xkcd crossed a rough age distribution of people becoming grandparents with people named “Chad” and “Jason” to highlight the dawn of a new era. The time is now. Tags: age, humor, names, xkcd
One of the best ways to feel old is to look to your past and realize how long ago it was. Wait Buy Why demonstrates with a bunch of timeline splits. For example: “Remember when Jurassic Park, The Lion King, and Forrest Gump came out in theaters? Closer to the moon landing than today. I feel like there was an xkcd comic about this, but the closest I could find...
It seems like no matter what I do, I cannot sleep through the night. Will it ever let up? According to the data, the answer is no and it will only get worse. Read More
Pitch speed starts to decrease with a baseball player’s age at some point. This makes sense. That’s why athletes retire. The Statcast pitch distributions show when this happens for individual players, categorized by pitch type. I like the transparent distributions for past seasons as a mode of comparison. [via @statpumpkin] Tags: age, baseball, speed
We looked at prime dating age and when people usually marry. Now it's time for the next step in the circle of life. Read More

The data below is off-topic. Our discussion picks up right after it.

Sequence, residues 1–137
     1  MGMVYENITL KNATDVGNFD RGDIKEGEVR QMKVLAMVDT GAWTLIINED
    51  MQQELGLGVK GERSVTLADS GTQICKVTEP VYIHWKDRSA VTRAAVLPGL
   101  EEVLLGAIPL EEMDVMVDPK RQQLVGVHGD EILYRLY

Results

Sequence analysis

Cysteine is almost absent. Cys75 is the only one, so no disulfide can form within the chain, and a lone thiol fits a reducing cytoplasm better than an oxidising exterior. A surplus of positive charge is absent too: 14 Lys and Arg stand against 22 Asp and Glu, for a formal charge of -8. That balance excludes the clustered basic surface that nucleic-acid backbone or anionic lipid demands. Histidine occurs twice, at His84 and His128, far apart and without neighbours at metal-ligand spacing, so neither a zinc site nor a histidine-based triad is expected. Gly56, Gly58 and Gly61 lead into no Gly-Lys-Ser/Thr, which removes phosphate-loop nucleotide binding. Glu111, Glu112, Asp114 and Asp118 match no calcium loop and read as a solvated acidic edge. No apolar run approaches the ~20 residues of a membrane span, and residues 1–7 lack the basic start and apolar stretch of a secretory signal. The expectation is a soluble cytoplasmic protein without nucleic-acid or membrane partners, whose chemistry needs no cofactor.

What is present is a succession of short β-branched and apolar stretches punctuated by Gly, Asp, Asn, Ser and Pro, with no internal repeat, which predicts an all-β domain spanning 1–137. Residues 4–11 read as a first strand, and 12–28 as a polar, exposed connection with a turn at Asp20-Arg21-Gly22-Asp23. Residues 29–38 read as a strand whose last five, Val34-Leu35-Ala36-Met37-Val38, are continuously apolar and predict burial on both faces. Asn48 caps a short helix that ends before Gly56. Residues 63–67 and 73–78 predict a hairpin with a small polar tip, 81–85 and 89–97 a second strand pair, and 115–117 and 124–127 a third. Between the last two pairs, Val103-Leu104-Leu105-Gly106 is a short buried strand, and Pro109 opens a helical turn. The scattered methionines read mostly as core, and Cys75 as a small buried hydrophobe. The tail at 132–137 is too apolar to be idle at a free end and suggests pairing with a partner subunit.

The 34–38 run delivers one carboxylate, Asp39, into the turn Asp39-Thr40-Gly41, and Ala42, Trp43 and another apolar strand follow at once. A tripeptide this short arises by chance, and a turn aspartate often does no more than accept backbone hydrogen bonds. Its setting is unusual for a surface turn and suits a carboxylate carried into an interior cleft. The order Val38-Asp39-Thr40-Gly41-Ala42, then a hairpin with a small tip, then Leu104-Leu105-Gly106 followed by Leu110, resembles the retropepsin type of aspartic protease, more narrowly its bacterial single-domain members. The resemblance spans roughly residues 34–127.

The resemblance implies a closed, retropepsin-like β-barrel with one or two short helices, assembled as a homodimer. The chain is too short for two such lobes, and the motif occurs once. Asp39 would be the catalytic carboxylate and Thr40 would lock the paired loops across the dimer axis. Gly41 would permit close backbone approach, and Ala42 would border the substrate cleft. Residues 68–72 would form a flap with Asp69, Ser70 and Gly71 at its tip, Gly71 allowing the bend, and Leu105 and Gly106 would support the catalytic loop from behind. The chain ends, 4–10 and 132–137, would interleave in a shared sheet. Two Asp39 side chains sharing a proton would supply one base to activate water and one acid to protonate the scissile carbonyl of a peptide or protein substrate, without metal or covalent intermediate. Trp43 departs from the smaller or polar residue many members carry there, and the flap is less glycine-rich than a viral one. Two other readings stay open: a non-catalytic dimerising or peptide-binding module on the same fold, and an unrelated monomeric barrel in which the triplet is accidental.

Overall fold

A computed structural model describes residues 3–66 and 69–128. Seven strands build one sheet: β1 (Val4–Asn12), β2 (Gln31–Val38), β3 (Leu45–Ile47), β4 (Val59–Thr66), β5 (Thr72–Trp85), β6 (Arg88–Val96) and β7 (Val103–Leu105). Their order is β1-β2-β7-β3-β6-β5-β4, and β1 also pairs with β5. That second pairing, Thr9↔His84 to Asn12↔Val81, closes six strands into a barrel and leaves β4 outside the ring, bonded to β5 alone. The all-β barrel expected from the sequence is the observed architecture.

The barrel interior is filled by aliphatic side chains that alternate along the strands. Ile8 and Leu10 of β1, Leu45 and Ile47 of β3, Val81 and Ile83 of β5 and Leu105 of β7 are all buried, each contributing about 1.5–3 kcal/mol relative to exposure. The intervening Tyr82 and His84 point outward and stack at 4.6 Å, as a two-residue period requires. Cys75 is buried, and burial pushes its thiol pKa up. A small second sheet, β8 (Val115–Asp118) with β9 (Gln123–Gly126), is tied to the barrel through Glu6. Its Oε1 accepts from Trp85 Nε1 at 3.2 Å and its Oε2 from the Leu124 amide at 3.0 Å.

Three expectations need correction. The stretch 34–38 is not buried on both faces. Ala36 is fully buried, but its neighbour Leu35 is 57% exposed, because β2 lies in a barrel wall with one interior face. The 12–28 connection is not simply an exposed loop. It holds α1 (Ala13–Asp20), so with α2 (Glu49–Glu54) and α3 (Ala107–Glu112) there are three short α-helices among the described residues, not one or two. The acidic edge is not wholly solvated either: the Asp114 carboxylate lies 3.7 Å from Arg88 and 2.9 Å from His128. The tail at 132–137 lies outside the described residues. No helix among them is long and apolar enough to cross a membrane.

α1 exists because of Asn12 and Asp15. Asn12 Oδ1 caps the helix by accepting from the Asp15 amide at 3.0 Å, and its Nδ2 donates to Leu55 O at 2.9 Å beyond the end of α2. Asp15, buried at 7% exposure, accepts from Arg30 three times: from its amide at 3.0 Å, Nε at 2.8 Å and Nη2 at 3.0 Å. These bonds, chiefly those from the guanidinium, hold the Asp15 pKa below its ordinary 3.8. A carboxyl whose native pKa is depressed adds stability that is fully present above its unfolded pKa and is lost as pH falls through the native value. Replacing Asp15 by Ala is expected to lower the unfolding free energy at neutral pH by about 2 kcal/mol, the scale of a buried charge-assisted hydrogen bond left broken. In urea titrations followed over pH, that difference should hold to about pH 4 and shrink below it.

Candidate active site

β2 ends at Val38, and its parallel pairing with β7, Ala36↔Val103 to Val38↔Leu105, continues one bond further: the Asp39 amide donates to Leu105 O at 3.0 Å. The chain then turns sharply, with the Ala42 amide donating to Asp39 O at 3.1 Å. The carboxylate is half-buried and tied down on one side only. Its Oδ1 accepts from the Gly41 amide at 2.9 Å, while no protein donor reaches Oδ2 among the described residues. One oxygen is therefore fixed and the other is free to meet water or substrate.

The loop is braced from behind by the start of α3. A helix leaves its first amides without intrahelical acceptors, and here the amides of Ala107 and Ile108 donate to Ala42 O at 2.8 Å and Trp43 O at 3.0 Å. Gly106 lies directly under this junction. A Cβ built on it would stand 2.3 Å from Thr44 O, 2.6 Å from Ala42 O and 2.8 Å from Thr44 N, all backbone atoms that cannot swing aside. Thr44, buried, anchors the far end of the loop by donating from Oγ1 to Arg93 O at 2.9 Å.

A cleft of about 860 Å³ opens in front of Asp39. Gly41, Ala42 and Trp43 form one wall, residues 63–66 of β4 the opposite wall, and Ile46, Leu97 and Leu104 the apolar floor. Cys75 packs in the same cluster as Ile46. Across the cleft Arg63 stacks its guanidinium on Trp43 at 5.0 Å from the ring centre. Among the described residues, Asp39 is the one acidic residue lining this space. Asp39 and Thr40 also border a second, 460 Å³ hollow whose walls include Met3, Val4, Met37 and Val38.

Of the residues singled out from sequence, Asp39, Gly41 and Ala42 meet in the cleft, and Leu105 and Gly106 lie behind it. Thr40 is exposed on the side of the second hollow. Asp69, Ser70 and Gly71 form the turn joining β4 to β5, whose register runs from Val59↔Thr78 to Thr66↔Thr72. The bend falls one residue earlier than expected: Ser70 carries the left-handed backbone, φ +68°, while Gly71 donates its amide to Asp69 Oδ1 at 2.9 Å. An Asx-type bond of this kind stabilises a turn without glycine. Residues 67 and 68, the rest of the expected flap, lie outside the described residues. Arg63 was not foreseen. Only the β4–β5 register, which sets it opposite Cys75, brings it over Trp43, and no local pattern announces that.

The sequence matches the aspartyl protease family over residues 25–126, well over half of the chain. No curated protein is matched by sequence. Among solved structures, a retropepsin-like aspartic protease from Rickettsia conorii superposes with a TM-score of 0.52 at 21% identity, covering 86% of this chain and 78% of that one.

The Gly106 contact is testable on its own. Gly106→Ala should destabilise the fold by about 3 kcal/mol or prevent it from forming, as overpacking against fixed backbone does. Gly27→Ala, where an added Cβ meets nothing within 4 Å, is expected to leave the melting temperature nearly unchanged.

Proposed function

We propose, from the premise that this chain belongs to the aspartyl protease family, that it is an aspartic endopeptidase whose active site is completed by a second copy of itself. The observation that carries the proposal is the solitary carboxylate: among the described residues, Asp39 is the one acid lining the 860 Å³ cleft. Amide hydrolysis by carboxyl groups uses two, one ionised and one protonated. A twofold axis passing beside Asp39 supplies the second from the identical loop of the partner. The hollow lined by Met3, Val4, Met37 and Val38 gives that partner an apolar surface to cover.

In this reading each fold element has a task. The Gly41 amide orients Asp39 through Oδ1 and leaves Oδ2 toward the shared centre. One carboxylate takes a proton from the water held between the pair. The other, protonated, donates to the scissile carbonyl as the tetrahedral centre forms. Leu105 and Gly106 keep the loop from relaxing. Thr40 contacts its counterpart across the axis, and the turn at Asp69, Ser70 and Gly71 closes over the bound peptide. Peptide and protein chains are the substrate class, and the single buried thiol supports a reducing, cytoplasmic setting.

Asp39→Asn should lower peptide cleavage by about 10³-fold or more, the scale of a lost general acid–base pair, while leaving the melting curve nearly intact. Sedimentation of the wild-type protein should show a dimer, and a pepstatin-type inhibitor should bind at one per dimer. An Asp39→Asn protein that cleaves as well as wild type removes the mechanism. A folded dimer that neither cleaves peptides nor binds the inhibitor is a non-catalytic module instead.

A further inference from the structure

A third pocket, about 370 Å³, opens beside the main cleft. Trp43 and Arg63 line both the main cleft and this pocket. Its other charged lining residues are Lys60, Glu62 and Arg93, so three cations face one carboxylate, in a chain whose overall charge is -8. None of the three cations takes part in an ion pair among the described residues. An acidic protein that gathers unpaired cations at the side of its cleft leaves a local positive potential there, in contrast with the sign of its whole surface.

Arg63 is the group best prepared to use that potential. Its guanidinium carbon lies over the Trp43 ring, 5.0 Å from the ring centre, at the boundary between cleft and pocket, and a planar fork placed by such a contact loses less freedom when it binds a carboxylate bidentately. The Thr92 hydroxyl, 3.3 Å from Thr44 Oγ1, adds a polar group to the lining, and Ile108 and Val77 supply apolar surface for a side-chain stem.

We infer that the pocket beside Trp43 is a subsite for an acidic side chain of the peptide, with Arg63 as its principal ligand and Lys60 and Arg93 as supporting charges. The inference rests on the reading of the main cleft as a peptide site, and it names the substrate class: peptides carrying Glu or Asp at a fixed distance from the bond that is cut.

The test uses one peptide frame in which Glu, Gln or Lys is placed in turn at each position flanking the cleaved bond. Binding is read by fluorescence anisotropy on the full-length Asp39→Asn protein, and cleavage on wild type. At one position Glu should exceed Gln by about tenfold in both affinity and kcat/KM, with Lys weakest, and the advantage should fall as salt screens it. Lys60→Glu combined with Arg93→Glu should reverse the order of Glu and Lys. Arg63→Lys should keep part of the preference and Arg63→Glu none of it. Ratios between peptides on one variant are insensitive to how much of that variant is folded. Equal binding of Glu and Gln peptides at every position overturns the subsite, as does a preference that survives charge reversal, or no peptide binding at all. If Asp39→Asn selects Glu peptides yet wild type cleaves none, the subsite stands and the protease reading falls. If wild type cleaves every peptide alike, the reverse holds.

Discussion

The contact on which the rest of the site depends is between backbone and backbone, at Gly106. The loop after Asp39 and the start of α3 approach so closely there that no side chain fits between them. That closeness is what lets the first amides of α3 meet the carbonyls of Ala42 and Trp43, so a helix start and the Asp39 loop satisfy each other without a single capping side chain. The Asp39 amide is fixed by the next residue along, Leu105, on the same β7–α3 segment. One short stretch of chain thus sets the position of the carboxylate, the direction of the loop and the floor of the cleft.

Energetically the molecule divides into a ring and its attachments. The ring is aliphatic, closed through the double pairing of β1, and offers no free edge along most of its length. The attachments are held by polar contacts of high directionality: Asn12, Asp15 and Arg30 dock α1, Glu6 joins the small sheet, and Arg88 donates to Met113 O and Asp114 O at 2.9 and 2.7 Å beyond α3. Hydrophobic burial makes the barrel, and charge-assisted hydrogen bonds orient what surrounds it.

As I watched Google’s CEO Sundar Pichai field questions from the House Judiciary Committee it was hard not to feel like there was a big gap in how the internet works and how members of Congress think it works. Many suggested the gap was related to age, so I couldn’t help but wonder how the age distribution has changed over the years. You can see the median age shifting older,...
This interactive heatmap by Jonas Schöley shows mortality rates by age. Just use the dropdown menu to see the data for various countries. You can also compare male and female populations and countries. As you might expect, you can see mortality rates decrease steadily, especially in the younger ages. Spikes or abrupt color changes might indicate war or disease. [via @maartenzam] Tags: age, mortality
As we get older, job options shift — along with experience, education, and wear on our bodies. Read More
When you're a kid, a year seems like forever. Appending "and a half" to an age seems significant and necessary. But as you get older, the years seem shorter. Heck, I can't even remember how old I am half the time. Maximilian Kiener uses an interactive timeline to argue why this is. The more years you're alive, the lower the percentage a year actually is of your life. And eventually,...